Air Product's core competence is that it is able to manage a vertically integrated gases business, which covers the exploration of fossil gas, production (harvesting), transportation, refining, trading and marketing. All these core competencies and their economies of scale give them a competitive edge and act as a barrier for entry to potential competitors.

Air Product's operations, from extraction to the point of sale are relatively independent of other businesses. Their operations are divided into segments of global business clusters, which specialize in each aspect of the production line. The economies of scale are emphasised by their global network. They have a balanced approach between cost control and investing in new capabilities, ensuring they maximise their future competitiveness.


In essence, the arguments above reveal that global marketing is not necessarily an all or nothing proposition. Companies have the freedom to choose from many possibilities on the spectrum from total standardisation through to complete customisation. Clearly there are circumstances where multinationals can gain through increased standardisation of products and marketing, especially with respect to keeping costs down and building brand power. Air Product the world's largest supplier of hydrogen and helium and have built leading supply positions in growth markets such as refinery hydrogen, semiconductor and flat panel display materials, natural gas liquefaction equipment, home healthcare services, and advanced materials for high-performance, more environmentally friendly coatings and adhesives.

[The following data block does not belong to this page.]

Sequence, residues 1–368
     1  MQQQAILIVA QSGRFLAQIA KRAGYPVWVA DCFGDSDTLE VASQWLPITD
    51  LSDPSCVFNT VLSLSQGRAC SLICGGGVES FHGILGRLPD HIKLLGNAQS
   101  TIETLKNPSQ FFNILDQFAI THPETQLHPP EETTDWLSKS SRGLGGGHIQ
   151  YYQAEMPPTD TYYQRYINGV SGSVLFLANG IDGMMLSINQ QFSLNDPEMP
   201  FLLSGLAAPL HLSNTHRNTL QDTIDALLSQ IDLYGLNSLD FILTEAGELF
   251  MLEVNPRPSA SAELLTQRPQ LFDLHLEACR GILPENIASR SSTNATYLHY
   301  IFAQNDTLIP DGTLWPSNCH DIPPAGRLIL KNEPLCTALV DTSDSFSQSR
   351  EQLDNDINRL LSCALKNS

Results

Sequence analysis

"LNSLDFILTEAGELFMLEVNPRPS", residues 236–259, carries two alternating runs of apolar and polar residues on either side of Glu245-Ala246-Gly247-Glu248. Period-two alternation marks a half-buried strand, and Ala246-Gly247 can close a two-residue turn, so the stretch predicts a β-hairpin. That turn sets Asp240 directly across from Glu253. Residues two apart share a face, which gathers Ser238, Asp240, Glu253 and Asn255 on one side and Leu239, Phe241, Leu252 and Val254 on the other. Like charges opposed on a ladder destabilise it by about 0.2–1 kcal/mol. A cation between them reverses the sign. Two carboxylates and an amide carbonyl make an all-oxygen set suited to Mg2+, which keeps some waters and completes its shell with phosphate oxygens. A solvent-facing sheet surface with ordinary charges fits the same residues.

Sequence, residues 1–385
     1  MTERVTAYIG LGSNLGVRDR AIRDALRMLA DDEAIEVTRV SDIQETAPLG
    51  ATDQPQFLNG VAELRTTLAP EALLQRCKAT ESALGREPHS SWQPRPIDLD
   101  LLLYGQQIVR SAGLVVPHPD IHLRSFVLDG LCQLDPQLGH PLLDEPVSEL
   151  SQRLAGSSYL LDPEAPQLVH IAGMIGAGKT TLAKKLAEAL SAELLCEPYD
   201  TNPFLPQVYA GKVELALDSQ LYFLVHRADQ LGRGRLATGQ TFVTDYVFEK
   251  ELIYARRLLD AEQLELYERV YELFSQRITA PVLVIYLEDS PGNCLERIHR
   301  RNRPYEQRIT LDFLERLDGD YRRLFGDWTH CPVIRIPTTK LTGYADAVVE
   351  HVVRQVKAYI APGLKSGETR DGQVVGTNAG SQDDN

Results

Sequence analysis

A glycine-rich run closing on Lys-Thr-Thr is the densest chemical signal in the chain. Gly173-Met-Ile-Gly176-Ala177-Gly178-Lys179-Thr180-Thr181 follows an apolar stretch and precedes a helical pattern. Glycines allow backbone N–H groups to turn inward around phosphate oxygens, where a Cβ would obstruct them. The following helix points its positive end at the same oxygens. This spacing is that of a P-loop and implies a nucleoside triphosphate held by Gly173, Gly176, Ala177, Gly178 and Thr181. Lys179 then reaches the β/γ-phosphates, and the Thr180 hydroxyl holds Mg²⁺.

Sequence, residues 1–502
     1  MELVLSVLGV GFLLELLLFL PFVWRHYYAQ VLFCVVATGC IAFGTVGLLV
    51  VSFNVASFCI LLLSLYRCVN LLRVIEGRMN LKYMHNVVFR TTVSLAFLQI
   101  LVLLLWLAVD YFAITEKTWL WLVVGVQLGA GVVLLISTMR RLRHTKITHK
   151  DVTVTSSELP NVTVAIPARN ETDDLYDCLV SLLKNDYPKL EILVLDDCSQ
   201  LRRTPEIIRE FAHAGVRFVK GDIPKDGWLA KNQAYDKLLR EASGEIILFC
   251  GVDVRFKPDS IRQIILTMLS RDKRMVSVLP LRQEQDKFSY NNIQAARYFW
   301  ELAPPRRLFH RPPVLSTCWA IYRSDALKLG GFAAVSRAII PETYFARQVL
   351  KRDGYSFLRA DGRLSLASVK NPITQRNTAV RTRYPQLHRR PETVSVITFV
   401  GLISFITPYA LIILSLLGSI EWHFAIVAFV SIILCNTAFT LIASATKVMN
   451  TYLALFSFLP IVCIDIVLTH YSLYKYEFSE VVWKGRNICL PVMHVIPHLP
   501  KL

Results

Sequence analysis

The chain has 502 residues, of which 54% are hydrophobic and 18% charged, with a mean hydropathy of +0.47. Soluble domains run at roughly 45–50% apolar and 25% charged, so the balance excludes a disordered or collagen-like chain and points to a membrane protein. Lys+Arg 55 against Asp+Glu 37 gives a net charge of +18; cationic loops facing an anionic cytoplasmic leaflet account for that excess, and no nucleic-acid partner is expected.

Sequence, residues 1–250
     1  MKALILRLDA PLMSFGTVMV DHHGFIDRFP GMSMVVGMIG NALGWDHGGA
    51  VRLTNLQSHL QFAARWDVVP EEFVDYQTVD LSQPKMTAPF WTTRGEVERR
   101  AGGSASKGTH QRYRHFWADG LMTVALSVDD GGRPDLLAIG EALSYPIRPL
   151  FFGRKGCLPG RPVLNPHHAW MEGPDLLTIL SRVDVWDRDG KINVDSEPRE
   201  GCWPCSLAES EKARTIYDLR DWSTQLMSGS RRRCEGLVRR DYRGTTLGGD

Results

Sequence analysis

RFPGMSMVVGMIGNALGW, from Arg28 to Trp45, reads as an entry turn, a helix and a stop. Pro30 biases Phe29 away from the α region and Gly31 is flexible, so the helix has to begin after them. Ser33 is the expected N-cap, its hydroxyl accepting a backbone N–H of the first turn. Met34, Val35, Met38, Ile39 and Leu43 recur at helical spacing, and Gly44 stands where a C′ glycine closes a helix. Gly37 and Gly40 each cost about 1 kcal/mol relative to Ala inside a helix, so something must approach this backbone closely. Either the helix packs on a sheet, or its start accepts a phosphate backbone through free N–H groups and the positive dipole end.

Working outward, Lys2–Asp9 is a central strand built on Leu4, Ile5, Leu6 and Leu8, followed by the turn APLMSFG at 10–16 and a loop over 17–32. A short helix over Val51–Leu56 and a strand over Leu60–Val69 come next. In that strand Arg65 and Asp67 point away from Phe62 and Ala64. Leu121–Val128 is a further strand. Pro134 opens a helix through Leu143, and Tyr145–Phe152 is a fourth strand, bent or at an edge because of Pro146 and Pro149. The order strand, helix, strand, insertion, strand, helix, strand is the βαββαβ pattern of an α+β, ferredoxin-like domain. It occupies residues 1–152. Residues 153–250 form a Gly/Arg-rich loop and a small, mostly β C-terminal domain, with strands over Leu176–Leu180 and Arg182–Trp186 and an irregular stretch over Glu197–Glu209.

On the other hand, in conditions where national market differences are more marked, this strategy would harm the company and its reputation. By making standardisation decisions using target market conditions as its starting point, an organisation can ensure that, in the long-term, customers are being offered what they want.

Although Air Product can seemingly gain a great deal from a standardised agenda, its decision to combine global and local resources is ultimately more long-standing in a market where national customer differences are influential.


Air Product is often perceived by a large demographic as having a negative impact on the environment. Pressure groups, governments and the general public who constitute the consumer base, have increasing concerns relating to global warming.

In order to rectify the worldwide they should continue their external communications campaign to convince their stakeholders of their commitment to environmental issues by supporting sustainable development. This involves investing in alternative energy sources and innovating pioneering environmentally friendly technologies. Although at present this is only a niche market due to government's reluctance to regulate the energy mix.

If the polar icecaps continue to dissipate over the next five years as a direct or indirect result of an increase in carbon emissions, then this raises the future possibility of exploration in these regions where there are vast quantities of untapped gases. may provoke negative reactions from some of their stakeholders such as environmental groups and governments.

This in turn could result in condemnation from the international community and their customers, as it would be contradictory to their environmentally friendly public relations agenda. Customers could boycott their product due to a loss in consumer loyalty and may damage the corporation's self esteem. On the other hand, failure to take advantage of these vast natural resources could give their competitors an opportunity for a massive and possibly terminal competitive advantage if they were to capitalise on the new countries.